This of a printer’s workshop illustrates the role of the scientist in the process of knowledge dissemination - from the point of view of a 16th century publisher.
Tucked away in the top right corner, the poor scholar is working late, ‘burning the midnight oil’. When the scholar has finished his manuscript, a whole group of artisans sets out to work, to transform it into a book. The work is financed by the publisher (on the right) who will also take care of its distribution and marketing once the book is printed.
The engraving is well over 400 years old, but still gives the modern researcher something to think about. First of all, it shows the aspects of scholarly publishing that follow the actual writing, i.e. the reviewing, the editing, the multiplication, and the distribution of a text. Without these later stages, the text would be nothing more than a set of ‘notes to self’, a personal diary. It also reminds us of how expensive it used to be to reproduce a text.
Obviously, things have changed quite a bit:
In the past 25 years these three developments are at the root of what is known as the Open Access movement.
Open Access initiatives come in many shapes and colours but the core idea is simple: they all aim to make the results of scientific research freely available to everyone, especially of the research that has been financed with tax-payer’s money.
For more background on your rights as OA author, see the short video Author rights YOUR rights (2:35).
If you want to know more about the Open Access Movement, see this video (Vlog 33: The Open Access Movement, 25:19).
For you as researcher there are two sides to the Open Access coin:
In the first case you are a consumer of information, in the second case you are a producer. It won’t surprise you that as a producer you are in a much better position to influence the availability of scientific publications, starting with your own...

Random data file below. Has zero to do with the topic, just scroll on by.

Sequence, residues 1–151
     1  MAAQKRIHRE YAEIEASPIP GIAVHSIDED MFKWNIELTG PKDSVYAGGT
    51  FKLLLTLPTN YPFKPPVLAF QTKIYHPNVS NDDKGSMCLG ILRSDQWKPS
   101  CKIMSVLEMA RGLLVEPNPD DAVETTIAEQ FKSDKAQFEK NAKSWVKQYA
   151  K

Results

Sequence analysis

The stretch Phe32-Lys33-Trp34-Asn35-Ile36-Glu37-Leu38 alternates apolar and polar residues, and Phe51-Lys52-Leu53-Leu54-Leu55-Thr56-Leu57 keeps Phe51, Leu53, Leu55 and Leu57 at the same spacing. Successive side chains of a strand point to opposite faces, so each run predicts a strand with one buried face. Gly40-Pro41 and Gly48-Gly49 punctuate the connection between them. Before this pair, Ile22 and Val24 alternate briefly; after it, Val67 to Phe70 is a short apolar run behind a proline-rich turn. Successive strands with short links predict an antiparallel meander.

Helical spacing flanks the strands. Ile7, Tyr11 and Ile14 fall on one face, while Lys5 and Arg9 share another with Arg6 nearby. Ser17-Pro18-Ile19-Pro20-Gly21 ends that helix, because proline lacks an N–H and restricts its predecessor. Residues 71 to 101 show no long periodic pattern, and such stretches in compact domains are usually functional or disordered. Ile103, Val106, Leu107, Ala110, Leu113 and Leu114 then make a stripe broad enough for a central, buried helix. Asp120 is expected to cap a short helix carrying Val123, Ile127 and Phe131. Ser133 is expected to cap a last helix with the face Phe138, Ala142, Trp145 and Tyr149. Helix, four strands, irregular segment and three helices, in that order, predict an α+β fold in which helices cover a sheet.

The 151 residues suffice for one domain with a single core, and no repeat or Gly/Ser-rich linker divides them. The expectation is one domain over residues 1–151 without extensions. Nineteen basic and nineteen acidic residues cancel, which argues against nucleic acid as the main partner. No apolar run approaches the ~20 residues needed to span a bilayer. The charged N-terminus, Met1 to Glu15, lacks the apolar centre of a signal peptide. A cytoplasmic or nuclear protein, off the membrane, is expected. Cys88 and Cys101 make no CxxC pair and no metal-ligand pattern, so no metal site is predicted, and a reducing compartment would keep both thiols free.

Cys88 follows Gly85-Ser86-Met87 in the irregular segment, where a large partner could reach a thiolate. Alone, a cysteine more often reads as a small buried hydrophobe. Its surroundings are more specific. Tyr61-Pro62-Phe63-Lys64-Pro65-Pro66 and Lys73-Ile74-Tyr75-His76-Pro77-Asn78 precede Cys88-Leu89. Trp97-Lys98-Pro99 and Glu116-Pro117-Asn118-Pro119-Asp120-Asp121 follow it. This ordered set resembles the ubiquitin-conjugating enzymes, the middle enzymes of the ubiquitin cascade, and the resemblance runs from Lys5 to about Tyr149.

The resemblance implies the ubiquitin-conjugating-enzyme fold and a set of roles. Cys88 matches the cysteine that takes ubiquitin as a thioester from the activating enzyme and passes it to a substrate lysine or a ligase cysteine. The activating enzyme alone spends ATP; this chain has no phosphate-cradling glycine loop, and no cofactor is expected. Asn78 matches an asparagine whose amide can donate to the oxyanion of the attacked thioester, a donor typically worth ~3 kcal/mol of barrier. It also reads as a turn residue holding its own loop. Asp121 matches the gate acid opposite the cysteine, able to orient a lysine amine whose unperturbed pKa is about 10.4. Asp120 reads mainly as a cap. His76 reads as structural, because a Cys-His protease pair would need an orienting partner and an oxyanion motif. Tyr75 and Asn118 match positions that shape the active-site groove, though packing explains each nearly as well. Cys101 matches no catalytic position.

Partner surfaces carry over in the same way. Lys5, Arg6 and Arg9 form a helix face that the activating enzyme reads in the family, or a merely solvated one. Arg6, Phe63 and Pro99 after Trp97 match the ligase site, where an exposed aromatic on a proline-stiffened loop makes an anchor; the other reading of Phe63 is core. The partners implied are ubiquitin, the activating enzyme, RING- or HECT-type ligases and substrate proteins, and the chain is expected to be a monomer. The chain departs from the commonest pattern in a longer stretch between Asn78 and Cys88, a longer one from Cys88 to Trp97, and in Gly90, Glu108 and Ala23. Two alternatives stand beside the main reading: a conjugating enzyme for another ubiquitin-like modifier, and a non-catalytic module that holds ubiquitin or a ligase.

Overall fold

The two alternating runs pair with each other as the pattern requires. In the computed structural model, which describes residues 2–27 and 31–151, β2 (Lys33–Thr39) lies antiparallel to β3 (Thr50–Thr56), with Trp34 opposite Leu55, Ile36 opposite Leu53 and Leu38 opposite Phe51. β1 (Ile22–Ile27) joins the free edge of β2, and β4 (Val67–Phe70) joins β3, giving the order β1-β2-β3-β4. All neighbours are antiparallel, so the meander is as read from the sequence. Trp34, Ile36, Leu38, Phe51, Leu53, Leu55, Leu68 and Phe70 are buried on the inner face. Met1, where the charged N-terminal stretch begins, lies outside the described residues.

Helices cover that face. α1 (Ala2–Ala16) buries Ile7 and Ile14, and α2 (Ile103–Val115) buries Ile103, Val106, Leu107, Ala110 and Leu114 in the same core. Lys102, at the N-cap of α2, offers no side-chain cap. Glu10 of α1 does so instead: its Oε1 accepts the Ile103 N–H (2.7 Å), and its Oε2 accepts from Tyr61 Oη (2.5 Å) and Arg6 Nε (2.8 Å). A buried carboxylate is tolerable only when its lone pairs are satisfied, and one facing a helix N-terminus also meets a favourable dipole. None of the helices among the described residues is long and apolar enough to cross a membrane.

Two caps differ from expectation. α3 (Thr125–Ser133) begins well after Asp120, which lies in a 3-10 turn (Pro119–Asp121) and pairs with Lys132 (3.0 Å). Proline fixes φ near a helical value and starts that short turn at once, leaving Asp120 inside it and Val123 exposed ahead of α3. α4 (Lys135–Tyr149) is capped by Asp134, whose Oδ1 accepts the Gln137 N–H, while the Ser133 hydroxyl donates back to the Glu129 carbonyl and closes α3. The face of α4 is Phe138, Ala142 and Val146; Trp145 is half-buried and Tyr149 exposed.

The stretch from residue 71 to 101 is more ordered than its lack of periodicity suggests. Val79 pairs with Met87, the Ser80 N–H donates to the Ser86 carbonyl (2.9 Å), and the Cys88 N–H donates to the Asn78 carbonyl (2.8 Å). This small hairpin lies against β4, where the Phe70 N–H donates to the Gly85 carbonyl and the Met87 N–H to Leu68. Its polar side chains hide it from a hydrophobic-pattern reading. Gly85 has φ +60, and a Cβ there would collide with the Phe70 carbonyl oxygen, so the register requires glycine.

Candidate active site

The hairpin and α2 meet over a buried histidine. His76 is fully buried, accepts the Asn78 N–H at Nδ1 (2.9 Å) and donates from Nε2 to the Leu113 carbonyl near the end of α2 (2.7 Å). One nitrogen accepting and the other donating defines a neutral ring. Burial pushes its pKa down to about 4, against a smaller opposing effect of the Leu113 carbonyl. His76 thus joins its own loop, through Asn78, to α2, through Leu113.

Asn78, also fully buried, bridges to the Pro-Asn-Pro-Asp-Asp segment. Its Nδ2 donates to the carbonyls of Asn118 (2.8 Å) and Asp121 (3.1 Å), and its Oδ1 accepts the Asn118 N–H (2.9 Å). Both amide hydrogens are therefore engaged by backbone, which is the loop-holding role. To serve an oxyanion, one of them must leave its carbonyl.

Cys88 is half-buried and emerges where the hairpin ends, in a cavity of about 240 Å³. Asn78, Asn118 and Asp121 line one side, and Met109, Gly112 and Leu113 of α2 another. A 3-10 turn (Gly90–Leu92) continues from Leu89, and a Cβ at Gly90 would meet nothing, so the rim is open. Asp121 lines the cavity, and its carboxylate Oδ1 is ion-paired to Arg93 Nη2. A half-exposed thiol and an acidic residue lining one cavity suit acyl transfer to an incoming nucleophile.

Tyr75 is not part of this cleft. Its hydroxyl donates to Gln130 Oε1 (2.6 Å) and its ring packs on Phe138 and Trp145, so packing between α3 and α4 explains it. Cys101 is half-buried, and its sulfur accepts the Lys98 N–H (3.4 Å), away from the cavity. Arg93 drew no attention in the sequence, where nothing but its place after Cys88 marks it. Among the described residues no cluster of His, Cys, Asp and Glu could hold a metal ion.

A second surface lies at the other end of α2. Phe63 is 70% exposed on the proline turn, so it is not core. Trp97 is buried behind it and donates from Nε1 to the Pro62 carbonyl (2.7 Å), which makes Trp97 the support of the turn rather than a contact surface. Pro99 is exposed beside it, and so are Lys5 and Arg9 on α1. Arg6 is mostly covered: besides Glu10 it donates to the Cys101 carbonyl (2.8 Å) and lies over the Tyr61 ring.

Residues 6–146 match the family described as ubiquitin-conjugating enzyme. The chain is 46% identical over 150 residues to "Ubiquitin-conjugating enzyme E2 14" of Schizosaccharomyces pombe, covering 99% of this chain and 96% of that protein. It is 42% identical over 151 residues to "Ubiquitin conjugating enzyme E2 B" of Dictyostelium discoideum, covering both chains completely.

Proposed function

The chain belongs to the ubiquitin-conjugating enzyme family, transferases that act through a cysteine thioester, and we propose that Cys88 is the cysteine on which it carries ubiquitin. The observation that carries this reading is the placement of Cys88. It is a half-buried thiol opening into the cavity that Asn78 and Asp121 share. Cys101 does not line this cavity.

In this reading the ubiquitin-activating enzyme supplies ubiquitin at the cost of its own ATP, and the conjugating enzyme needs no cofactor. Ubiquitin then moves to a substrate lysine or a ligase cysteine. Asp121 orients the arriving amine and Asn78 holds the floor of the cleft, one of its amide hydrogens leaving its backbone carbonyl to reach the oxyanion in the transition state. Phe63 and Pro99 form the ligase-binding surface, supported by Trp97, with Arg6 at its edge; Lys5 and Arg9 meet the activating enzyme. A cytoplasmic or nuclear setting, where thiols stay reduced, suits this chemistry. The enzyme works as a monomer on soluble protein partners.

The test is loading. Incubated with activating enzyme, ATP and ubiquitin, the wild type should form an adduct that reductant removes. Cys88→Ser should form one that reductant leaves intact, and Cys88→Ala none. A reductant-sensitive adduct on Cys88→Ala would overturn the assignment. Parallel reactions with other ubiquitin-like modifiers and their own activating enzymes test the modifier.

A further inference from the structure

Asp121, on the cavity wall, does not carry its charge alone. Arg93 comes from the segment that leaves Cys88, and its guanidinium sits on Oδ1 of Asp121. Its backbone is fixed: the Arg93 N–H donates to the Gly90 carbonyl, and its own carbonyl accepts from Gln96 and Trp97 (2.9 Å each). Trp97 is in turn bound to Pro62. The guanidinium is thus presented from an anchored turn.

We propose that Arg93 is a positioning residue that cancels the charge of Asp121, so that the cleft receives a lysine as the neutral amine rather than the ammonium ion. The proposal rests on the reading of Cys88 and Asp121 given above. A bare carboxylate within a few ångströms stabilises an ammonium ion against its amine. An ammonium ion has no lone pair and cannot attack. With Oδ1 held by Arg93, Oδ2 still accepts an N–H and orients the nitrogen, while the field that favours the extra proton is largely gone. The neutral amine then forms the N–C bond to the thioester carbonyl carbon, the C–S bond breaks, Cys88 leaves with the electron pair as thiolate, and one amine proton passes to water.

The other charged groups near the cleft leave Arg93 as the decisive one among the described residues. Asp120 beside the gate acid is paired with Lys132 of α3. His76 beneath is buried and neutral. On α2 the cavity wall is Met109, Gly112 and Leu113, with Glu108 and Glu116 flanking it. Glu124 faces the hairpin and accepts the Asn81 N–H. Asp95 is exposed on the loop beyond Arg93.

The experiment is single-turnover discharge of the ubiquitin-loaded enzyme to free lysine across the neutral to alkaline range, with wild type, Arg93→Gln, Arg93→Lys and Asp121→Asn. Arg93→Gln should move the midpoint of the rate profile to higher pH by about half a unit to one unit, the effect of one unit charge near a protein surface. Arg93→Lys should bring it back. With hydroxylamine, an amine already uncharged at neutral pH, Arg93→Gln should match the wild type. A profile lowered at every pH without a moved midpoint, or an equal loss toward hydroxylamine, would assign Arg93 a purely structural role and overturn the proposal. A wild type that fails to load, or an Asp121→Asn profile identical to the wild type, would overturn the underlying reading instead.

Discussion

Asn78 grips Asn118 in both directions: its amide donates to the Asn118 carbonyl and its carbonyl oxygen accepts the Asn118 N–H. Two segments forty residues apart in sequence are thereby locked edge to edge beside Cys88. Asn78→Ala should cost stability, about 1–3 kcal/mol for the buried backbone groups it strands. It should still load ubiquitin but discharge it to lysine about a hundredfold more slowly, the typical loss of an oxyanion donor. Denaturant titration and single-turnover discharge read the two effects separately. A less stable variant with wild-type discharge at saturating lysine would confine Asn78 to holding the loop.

There are various ways to offer your own publications in Open Access to the largest possible audience, i.e. to everyone with an internet connection. Even though there are a few different scenarios, the core options are simple:
In the second case you deposit the accepted version of your paper, also known as the author accepted manuscript, to the institutional repository, Pure.
But please keep in mind that this OA landscape changes constantly!
For a variety of reasons. The most obvious one of all we have just mentioned: you write to be read; and the more people who can read what you wrote, the better. This holds for you as an individual researcher, but it also holds for the Erasmus university as a collective body of academic researchers.
Also, by publishing in Open Access the cost of knowledge dissemination will eventually come down or stabilize at the very least. Thirdly: before your text can be read it needs to be found.
If you need information about the details, don’t hesitate to contact the Open Access officer
The library also offers assistance if you have questions about copyright issues at firstname.lastname@example.org, even if you are not entirely sure your problem is related to copyright.